How to Shoot Video that Doesn’t Suck is now out in both Korean and Spanish versions.
You can also find it in Chinese (two versions), Russian, Polish and Bahasa Indonesian. Japanese coming soon!
How to Shoot Video that Doesn’t Suck is now out in both Korean and Spanish versions.
You can also find it in Chinese (two versions), Russian, Polish and Bahasa Indonesian. Japanese coming soon!
My writing partner and I were arguing about a scene in a new screenplay. It’s a time-travel piece, and he wanted to explain all the technical steps that lead a character to have a conversation with someone from his distant past. The reason? So the audience would believe their meeting could plausibly happen.
Makes sense. If we don’t show how the machinery works in detail, and explain how the two accidentally met over miles and eons, who will believe it? Credibility comes from detail, right?
It makes sense, but it’s totally wrong. Extreme explanatory detail in a movie is death. We want the audience to believe the story, not write a dissertation on it. If we write a film correctly, the audience happily buys it despite having to leap across vast detail-less gaps. As proof, I offer you: The Abyss.
After Aliens and a few years before Titanic , James Cameron wrote and directed The Abyss. The film tells the story of petroleum workers living thousands of feet below the ocean’s surface. When a nuclear sub goes missing they’re recruited by the government to help rescue it– only to find that there’s an alien life-form doing mysterious things– in the Abyss. Dum dum dum…
My favorite thing about the Abyss: it takes place almost entirely on the ocean floor, but there’s not a single fish in the movie.
Technically that’s because Cameron shot most of the underwater scenes in a giant manmade tank. It was a difficult shoot, and trying to support living animals would have made it an impossible shoot. The digital technology of the day precluded layers of composite fish. Thus no fish in this underwater movie set in the ocean.
Does the script explain? Does a scientists character come forward to tell us why fish life around this part of the sea was wiped out, or refer to the region “the fishless void?” Nope, because that would focus our attention on the lack of fish. Instead the film ignores the obvious, tells a gripping action/romance with amazing digital aliens, and we never even think about the fish.
Beyond the normal audience suspension of disbelief (“For the next three hours, I will accept the existence of the Marvel Superheroes as if they are real”), all films require a high tolerance for reality violations. Why is the villain explaining so much before killing the hero? Would this romance really break up over such a minor lie? Why would a creature advanced enough to visit from another galaxy not have a foolproof way to protect itself from humans? How did those soldiers get all the way across Westeros so damn fast?
For most filmmakers, our first impulse is to explain everything. But explaining shines a spotlight on the problem. The art is in not explaining. Figuring out how to keep an audience with us while gliding over things that make no sense in real life.
Great filmmaking is magic, and like any magician, mis-direction is a key arrow in the quiver. Figure out how little information you can get away with and give them less than that. Resist explaining. Artfully treat odd things like they’re normal, and blow past them entertainingly enough to direct audience attention elsewhere.
And the next time you get stuck on a scene with tedious detail, remember: There are no fish in the Abyss.
Sometimes great storytelling is all detail- just not tedious detail. See Better Call Saul: the Devil is in the Details. I don’t see this as a contradiction, but let me know what you think in the comments.
Recently I picked up a multi-rotor drone to carry my HD camera.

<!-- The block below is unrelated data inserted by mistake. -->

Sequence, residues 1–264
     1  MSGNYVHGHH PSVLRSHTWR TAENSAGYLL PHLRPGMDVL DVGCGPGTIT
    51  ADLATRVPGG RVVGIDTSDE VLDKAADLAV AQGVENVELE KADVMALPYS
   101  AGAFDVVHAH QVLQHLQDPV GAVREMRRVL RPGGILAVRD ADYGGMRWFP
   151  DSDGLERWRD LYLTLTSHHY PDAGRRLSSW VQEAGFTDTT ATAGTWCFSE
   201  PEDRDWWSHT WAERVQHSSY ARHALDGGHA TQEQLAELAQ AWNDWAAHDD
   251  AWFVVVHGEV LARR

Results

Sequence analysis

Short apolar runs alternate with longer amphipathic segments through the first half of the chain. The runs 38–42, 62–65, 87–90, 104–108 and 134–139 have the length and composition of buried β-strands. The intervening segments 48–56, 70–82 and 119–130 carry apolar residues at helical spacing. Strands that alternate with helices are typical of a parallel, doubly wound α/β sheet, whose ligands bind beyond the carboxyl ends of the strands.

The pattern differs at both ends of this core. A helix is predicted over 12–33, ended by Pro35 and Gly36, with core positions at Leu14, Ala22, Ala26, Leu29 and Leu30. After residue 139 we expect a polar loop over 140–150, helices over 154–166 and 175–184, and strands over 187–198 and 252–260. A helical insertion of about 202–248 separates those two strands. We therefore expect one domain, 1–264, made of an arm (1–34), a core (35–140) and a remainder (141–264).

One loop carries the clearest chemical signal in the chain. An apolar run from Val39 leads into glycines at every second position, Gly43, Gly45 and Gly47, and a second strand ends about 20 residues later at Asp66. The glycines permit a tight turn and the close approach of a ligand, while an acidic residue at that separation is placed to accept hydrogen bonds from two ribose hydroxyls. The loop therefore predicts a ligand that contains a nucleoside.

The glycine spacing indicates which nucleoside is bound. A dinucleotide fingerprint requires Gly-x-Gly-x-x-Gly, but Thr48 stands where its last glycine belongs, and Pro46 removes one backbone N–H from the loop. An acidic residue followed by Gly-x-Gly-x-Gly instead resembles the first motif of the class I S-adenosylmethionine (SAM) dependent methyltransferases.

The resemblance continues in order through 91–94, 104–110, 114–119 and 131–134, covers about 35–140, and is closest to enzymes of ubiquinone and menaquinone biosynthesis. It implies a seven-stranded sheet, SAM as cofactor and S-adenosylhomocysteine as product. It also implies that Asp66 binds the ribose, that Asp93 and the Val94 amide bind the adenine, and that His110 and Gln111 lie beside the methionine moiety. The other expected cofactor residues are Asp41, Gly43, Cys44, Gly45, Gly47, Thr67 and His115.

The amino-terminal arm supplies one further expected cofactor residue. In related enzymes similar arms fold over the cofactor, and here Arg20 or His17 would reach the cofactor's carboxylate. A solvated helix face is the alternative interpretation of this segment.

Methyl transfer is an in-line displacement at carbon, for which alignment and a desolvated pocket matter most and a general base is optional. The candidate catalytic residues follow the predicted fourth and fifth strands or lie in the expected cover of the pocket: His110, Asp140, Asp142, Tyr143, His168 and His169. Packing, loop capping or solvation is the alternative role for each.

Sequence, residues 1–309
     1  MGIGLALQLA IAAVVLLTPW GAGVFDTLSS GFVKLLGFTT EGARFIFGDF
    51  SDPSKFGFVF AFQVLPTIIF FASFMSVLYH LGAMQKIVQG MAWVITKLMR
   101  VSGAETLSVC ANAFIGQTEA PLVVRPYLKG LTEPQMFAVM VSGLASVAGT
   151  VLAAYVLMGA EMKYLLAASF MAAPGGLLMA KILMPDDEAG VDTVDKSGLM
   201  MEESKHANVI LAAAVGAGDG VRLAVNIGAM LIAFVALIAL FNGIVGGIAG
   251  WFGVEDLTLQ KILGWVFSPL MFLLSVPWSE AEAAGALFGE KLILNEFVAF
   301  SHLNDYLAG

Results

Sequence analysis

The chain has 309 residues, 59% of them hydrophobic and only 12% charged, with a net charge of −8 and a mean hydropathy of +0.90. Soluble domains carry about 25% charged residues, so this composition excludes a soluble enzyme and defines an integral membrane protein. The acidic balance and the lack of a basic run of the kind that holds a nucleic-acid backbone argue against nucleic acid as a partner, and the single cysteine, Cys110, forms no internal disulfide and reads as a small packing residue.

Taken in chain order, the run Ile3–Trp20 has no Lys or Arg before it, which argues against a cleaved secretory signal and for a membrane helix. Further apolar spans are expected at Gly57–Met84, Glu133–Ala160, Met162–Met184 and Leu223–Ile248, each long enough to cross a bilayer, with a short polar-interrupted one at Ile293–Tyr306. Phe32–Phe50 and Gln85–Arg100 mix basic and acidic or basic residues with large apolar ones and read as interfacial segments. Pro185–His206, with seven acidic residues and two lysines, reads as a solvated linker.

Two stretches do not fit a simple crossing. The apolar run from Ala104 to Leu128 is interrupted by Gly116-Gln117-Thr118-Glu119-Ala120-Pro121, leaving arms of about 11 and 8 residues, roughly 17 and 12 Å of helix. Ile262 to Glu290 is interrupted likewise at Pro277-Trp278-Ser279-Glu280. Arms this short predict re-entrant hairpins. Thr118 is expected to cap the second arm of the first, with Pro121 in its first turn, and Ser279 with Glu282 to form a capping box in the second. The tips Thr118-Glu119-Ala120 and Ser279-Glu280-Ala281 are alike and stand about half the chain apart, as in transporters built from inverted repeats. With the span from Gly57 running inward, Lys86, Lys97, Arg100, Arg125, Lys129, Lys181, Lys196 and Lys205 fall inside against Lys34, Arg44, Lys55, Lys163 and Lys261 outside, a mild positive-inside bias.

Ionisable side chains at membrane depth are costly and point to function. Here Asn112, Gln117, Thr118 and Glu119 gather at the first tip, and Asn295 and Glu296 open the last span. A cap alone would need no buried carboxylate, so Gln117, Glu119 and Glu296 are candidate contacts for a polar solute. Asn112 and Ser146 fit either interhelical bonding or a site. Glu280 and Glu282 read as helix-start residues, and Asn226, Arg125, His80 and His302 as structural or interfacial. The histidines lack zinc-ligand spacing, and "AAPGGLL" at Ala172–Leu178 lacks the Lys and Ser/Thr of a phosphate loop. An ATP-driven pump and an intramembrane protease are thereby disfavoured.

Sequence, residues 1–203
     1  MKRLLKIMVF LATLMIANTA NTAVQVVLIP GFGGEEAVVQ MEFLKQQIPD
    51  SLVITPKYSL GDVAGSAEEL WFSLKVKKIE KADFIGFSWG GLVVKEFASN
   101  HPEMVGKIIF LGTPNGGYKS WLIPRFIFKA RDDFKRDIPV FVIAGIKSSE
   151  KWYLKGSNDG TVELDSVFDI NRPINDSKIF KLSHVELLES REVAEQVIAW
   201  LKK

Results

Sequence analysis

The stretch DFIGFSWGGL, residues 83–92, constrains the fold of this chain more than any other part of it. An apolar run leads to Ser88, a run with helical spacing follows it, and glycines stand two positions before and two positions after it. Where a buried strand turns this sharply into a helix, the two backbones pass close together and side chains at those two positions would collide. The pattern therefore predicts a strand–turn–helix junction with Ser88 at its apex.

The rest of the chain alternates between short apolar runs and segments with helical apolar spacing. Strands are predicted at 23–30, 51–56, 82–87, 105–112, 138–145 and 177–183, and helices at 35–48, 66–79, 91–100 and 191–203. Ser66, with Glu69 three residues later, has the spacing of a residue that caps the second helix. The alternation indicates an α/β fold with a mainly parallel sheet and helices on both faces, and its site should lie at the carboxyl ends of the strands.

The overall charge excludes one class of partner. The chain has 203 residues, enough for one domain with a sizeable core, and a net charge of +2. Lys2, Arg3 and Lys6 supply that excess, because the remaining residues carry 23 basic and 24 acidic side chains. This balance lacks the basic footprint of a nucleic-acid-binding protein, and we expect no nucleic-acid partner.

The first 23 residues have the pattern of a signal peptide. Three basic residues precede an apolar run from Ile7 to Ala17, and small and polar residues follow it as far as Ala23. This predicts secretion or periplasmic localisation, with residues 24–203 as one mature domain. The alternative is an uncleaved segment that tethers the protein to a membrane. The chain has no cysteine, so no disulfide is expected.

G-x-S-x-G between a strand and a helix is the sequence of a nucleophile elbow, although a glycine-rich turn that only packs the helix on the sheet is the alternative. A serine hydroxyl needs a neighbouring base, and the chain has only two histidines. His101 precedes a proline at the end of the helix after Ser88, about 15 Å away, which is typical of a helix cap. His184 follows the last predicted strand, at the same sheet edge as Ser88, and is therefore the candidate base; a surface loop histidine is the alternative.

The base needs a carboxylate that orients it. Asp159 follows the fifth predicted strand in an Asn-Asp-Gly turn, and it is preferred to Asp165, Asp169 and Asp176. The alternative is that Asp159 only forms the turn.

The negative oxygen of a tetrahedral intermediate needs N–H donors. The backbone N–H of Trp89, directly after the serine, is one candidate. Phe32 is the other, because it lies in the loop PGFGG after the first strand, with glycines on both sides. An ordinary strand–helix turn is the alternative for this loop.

I’m having fun flying my drone, but now my videos feel all the same: running along a straight line, go up and take a 360, fly really low almost touching the bushes. Pretty pictures, but not really good video.
Any ideas on how to script/arrange/film better videos for subjects as simple as “last weekend with friends”?
Basic drones are mostly good for scene setting and beauty shots. Think fireworks from inside the blasts; an establishing montage of New York City between segments on a TV show; or a high shot of the OK Corral before the gunfight starts.
Drones can be breathtaking for video, but they can also be limiting if they’re used the same way all the time. There is only so much information the tops of people’s heads can communicate.
As Abraham Lincoln once said, “If your only tool is a hammer, everything looks like a nail.” Okay, it might not have been Lincoln– maybe Socrates. But what he meant was this: you have a cool toy. It may not be the best tool for the job, but you’re so excited about it that you use it anyway. With boring results.
Worse, getting locked into the hammer/nail thing prevents you from seeing all that a hammer can do. It can flatten chicken breast, or pry out a screw. The handle could caress someone’s back or bat a ball. Twenty hammers, welded together, might make a great sculpture. It’s easy to get stuck in one use of a new video toy. Even if you have a hammer, there’s no reason to just pound things.
Which brings me to some general guidelines for using cool video tools the best way possible:
The tool serves the story. The story doesn’t serve the tool. What tale are you telling? You’re communicating in very different language about a christening when you shoot from high up in the ceiling of the church than if you’re on a tight close-up of an adorable baby. Is this an intimate, warm moment, or the climax of The Godfather?
Improve your tool-craft: If you’re feeling trapped by drone moves, it’s you, not the drone. In the hands of a trained pro, drones will blow your mind.
Try using your drone as a static crane, or a low angle dolly. Pick up a tracking unit to lock your drone a moving subject for exciting traveling shots. Choreograph a moving shot from street level to a 10th floor window as part of a scripted piece. The old “fly and look” is just a small part of what it can do.
Practice my “50 Ways to Shoot One Thing” exercise with your drone and see if you can break out of your drone shot rut.
Do you need the tool at all? The Academy Award-winning doc Free Solo looks like it used drones, but it didn’t. Drones are illegal in national parks. If the filmmakers had had their hearts set on using drones, they might have given up on the film.